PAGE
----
New from SW Louisiana

Newbie here from SW Louisiana. I’ve been looking at the Crossfire system for a few months to use for manufacturing UTV parts. Figured a purchase is inevitable now just waiting on some business funds to roll in to contribute. Looking at a Crossfire Pro in the very near future.

I can see where the possibilities for a CNC plasma table are endless, especially with my cad background. Although I will need to get familiar with Fusion for sheet metal design.

I’ve designed a shifter plate for the Honda Talon that I sell on my eCommerce store. Currently I have a local shop laser cutting, sanding, and powder coating for me. The problem I’m running into is their schedule. I’m not a big fish in their system so I don’t get priority and some projects are taking longer than I like. So my thoughts are to buy a plasma system where I can for sure do some prototyping and eventually all the production. The shifter plates should be easy to learn cutting on. I have designs for a few cargo boxes that I want to produce that would require more work. That will take some learning to get sheet metal bends correct. But I’m ready to make a go of it. I’ve been wanting to do something like this for a long time and the concepts are now coming to me.

1 Like

Welcome aboard. Plasma is an incredible machine to have in the shop, I assure you. Lots of friendly and knowledgeable folk around here willing to step in and help when needed.

Welcome. Don’t get caught up on fusion. Yes it’s “free” but it’s not the only cad system that works. I’m using it some but also playing with some others. Fusion for 3D stuff and others for 2D stuff. Do some searching on programs people are using and it’ll help. Also your own table will be nice to do some small runs for prototypes and stuff like that. Also be aware that plasma (properly set up) will make nice cuts but the laser cuts better. These machines will have to be “tinkered” with to get right and takes time and determination. I’ve see several upset people with the notion of it’s “plug and play” but that’s not the case. Yes set up and building the table is not that bad but the bugs come up when you start cutting. Good luck

1 Like

Go with Freecad. It really is free and there’s a great sheetmetal designer that takes care of unfolding your 3D design and adjusting the sizes to account for the metal stretch when you bend it.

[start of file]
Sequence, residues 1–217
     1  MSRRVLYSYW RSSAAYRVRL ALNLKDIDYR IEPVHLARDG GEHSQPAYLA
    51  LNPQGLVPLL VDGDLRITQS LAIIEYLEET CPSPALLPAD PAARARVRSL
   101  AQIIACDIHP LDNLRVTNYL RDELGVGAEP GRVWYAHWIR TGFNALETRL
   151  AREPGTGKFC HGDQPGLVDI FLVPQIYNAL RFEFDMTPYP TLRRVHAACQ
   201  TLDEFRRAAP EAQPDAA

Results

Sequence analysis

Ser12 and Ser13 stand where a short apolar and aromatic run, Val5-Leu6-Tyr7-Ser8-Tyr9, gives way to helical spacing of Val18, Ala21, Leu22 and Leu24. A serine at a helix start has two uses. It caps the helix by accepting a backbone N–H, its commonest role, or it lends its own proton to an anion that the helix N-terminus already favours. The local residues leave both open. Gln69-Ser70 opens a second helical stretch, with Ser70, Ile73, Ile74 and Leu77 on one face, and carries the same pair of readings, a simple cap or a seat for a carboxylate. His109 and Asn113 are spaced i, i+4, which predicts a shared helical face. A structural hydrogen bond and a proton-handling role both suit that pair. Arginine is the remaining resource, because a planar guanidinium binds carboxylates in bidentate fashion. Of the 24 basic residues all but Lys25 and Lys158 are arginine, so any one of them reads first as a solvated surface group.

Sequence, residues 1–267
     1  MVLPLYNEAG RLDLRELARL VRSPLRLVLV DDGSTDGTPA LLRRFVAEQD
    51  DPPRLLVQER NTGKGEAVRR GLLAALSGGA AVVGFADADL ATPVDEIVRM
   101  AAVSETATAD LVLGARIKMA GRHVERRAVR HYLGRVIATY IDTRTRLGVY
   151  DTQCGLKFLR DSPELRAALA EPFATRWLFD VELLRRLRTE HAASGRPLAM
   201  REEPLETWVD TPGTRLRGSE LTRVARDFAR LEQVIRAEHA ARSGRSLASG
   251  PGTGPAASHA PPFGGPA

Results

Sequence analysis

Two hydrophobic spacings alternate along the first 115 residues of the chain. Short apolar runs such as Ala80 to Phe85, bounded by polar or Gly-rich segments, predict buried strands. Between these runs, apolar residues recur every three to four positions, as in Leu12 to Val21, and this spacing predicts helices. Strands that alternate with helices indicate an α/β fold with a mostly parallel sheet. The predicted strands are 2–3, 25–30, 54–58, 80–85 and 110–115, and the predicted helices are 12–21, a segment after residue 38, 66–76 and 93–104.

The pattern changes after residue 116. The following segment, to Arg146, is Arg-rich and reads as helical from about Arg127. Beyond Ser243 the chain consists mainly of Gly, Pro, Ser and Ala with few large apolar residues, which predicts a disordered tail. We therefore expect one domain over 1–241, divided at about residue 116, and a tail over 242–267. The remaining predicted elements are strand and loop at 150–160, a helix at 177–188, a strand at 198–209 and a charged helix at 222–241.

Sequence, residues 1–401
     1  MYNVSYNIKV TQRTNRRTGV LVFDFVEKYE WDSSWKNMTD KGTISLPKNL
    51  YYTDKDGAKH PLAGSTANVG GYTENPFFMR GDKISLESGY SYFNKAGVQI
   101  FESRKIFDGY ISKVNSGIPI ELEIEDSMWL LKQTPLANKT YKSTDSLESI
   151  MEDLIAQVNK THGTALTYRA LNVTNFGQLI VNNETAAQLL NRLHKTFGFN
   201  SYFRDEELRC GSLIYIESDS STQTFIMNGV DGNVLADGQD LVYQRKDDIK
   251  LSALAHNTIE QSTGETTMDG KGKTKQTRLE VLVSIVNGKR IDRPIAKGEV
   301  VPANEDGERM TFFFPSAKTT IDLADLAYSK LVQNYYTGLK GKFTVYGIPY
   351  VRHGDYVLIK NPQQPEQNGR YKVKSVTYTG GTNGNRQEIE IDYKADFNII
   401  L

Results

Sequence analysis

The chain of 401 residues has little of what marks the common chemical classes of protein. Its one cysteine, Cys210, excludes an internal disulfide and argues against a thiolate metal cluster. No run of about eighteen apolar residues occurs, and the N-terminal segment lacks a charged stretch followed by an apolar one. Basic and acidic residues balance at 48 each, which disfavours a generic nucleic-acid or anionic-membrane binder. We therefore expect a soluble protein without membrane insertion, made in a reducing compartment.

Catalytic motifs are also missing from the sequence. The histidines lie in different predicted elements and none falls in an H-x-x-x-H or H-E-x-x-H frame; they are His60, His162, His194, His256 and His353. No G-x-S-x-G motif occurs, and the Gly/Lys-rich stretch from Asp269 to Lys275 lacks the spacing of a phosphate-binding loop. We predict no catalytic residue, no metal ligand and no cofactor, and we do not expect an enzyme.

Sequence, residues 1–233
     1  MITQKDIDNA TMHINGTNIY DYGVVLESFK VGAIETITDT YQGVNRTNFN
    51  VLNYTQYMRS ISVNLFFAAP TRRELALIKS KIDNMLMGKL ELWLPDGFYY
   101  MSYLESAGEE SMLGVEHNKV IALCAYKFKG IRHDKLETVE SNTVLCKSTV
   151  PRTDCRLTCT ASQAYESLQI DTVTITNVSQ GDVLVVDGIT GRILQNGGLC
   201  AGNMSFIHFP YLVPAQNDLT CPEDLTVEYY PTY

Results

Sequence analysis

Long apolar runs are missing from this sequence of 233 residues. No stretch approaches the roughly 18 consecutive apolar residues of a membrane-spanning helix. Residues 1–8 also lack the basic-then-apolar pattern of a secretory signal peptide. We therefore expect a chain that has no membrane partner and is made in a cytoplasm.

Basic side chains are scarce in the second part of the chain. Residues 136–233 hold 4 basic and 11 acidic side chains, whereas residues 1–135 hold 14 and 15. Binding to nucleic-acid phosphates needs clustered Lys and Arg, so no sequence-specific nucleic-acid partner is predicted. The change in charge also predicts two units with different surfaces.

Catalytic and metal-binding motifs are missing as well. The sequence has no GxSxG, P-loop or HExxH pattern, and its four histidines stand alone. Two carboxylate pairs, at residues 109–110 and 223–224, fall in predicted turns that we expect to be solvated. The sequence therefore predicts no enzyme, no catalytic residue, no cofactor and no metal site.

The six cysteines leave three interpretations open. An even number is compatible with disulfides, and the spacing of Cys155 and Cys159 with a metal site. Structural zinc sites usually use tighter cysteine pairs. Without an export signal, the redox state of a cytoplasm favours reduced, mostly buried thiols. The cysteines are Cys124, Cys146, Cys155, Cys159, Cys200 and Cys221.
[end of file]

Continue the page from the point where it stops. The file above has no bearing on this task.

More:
Fusion is only free for hobbyists and your e-commerce stuff isn’t a “hobby” according to them now. You’ll need to pay an annual subscription for it for commercial use.

I realize there will be a learning curve to the langmuir setup. And afterward I should only have minor tweaks to make. I’m very proficient with Autocad and can accomplish much with that. But I will checkout Freecad. Quick look at videos looks easy but a change of interface that I’m not used to.

The shop cutting my plates now has a 6kw laser, N2 purge skid, autoloader. It’s about a $1MM setup and runs almost 24 hours every day. It does a great job.

I’m also about buying the tools I need to do what I want. If I can cut stuff myself then eventually I’ll have the tools paid for. I have so many ideas of things to build and I’m ready to GO!

1 Like

If you have AutoCad, just use that. Do your toolpathing in Sheetcam and skip Fusion (or Freecad) altogether.

1 Like

Welcome to the gang! Im craving some that food you all eat down there. Do your self a huge favor and get the best plasma cutter you can afford. Hypertherm is pricey but the metal you save and time you save will justify the higher cost. Consumables will last longer also. And a decent air compressor and air drying system. And you will have alot of fun making whatever your mind can dream up.

1 Like

Most of my CAD is done with AutoCAD 2007

I downloaded Freecad and watched a few tutorial videos but once you’re used to Autocad products it’s hard to use something like Freecad. If I didn’t use autocad every day, then it’d be different. And I’ll probably use Autocad for a while at first. I just designed a UTV box part in Autocad as separate pieces then disassembled it and nested as flat objects. I’m sending this to the shop that currently laser cuts my parts. Interested to see how this turns out. They will cut, I will weld the assembly.

I can relate to that! Being an AutoCAD disciple myself. :rofl:

ditto…same here

Im also in SW Louisiana. Cool to have you here. I love my crossfire. Im in the process to make it bigger but i just wanted to say i also have an autodesk background but kicked it to the curb bc of money and went with DesignSpark Mechanical V5.0 and love it! Its not great for testing big assemblies but making stuff for the plasma table yall would really like it.

1 Like

where are you located? I’m outside of kinder. I’d love to go meet you and see your machine setup sometime.

I’ve decided to order a Crossfire Pro next week after speaking to my fab guys that have been laser cutting parts for me. Now they are saying min. 3 weeks before they can cut my parts and that is NOT going to work for me! I’m not one content to be dependent on someone else’s schedule. The last order took almost 4 weeks. Now when I develop new products I’m looking at 3 weeks to get a prototype, 1 week for me to check it out, then if not changes are required another 3 weeks to get a product to sell. With my own machine I’m pretty sure I can prototype products in about a week if not a weekend. Plasma won’t be as super accurate as a 6KW fiber laser but it will work for what I do. I’m already excited and having a machine in my shop is still 2 months away!

1 Like

just remember…


not only for you to get delivered…but to get it tuned to the way you are happy cutting…

1 Like